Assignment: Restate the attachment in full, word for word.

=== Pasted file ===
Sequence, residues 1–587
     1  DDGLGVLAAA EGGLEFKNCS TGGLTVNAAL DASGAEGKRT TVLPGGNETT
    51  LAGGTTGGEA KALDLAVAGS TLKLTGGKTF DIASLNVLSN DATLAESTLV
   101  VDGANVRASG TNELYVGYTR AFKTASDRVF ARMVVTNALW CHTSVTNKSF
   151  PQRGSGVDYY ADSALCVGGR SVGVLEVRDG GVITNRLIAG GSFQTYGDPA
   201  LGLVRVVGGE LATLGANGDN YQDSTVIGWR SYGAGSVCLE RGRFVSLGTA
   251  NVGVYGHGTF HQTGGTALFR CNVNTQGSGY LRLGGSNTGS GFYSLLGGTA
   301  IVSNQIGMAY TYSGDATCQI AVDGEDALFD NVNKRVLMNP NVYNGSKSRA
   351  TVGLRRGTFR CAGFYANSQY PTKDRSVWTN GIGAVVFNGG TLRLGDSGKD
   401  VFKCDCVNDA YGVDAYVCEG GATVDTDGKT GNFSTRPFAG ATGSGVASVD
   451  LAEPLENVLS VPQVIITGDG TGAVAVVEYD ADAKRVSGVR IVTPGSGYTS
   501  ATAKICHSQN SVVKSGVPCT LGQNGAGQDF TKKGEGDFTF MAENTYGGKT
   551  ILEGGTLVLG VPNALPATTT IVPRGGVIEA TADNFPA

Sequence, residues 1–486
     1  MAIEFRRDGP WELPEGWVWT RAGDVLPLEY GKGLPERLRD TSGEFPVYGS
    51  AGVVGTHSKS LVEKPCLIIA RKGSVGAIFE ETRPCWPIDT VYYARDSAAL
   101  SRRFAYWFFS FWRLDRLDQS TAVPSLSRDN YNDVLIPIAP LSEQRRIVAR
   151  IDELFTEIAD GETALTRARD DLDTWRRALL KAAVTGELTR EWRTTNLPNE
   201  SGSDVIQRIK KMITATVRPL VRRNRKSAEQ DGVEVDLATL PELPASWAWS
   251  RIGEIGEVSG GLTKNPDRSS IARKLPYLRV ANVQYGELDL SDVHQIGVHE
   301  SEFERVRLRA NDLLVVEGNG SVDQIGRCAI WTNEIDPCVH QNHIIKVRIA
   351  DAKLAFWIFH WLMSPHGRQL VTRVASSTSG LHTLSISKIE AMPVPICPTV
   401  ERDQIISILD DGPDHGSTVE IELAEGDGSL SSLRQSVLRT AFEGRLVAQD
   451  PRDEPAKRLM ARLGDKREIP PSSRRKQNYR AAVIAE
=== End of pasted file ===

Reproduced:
Sequence, residues 1–587
     1  DDGLGVLAAA EGGLEFKNCS TGGLTVNAAL DASGAEGKRT TVLPGGNETT
    51  LAGGTTGGEA KALDLAVAGS TLKLTGGKTF DIASLNVLSN DATLAESTLV
   101  VDGANVRASG TNELYVGYTR AFKTASDRVF ARMVVTNALW CHTSVTNKSF
   151  PQRGSGVDYY ADSALCVGGR SVGVLEVRDG GVITNRLIAG GSFQTYGDPA
   201  LGLVRVVGGE LATLGANGDN YQDSTVIGWR SYGAGSVCLE RGRFVSLGTA
   251  NVGVYGHGTF HQTGGTALFR CNVNTQGSGY LRLGGSNTGS GFYSLLGGTA
   301  IVSNQIGMAY TYSGDATCQI AVDGEDALFD NVNKRVLMNP NVYNGSKSRA
   351  TVGLRRGTFR CAGFYANSQY PTKDRSVWTN GIGAVVFNGG TLRLGDSGKD
   401  VFKCDCVNDA YGVDAYVCEG GATVDTDGKT GNFSTRPFAG ATGSGVASVD
   451  LAEPLENVLS VPQVIITGDG TGAVAVVEYD ADAKRVSGVR IVTPGSGYTS
   501  ATAKICHSQN SVVKSGVPCT LGQNGAGQDF TKKGEGDFTF MAENTYGGKT
   551  ILEGGTLVLG VPNALPATTT IVPRGGVIEA TADNFPA

Sequence, residues 1–486
     1  MAIEFRRDGP WELPEGWVWT RAGDVLPLEY GKGLPERLRD TSGEFPVYGS
    51  AGVVGTHSKS LVEKPCLIIA RKGSVGAIFE ETRPCWPIDT VYYARDSAAL
   101  SRRFAYWFFS FWRLDRLDQS TAVPSLSRDN YNDVLIPIAP LSEQRRIVAR
   151  IDELFTEIAD GETALTRARD DLDTWRRALL KAAVTGELTR EWRTTNLPNE
   201  SGSDVIQRIK KMITATVRPL VRRNRKSAEQ DGVEVDLATL PELPASWAWS
   251  RIGEIGEVSG GLTKNPDRSS IARKLPYLRV ANVQYGELDL SDVHQIGVHE
   301  SEFERVRLRA NDLLVVEGNG SVDQIGRCAI WTNEIDPCVH QNHIIKVRIA
   351  DAKLAFWIFH WLMSPHGRQL VTRVASSTSG LHTLSISKIE AMPVPICPTV
   401  ERDQIISILD DGPDHGSTVE IELAEGDGSL SSLRQSVLRT AFEGRLVAQD
   451  PRDEPAKRLM ARLGDKREIP PSSRRKQNYR AAVIAE